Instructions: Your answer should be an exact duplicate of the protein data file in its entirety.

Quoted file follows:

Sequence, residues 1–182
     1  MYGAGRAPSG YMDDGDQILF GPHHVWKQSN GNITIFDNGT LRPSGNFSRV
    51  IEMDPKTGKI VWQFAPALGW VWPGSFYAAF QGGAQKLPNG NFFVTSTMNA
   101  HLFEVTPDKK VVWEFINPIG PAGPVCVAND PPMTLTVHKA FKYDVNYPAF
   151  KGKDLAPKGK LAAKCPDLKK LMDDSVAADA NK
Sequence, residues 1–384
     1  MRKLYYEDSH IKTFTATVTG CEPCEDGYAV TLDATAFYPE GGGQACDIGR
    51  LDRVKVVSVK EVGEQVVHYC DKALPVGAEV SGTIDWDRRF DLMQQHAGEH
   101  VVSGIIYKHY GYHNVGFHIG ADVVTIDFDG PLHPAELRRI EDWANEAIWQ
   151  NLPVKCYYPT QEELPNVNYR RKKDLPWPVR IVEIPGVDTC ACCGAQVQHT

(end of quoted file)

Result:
Sequence, residues 1–182
     1  MYGAGRAPSG YMDDGDQILF GPHHVWKQSN GNITIFDNGT LRPSGNFSRV
    51  IEMDPKTGKI VWQFAPALGW VWPGSFYAAF QGGAQKLPNG NFFVTSTMNA
   101  HLFEVTPDKK VVWEFINPIG PAGPVCVAND PPMTLTVHKA FKYDVNYPAF
   151  KGKDLAPKGK LAAKCPDLKK LMDDSVAADA NK
Sequence, residues 1–384
     1  MRKLYYEDSH IKTFTATVTG CEPCEDGYAV TLDATAFYPE GGGQACDIGR
    51  LDRVKVVSVK EVGEQVVHYC DKALPVGAEV SGTIDWDRRF DLMQQHAGEH
   101  VVSGIIYKHY GYHNVGFHIG ADVVTIDFDG PLHPAELRRI EDWANEAIWQ
   151  NLPVKCYYPT QEELPNVNYR RKKDLPWPVR IVEIPGVDTC ACCGAQVQHT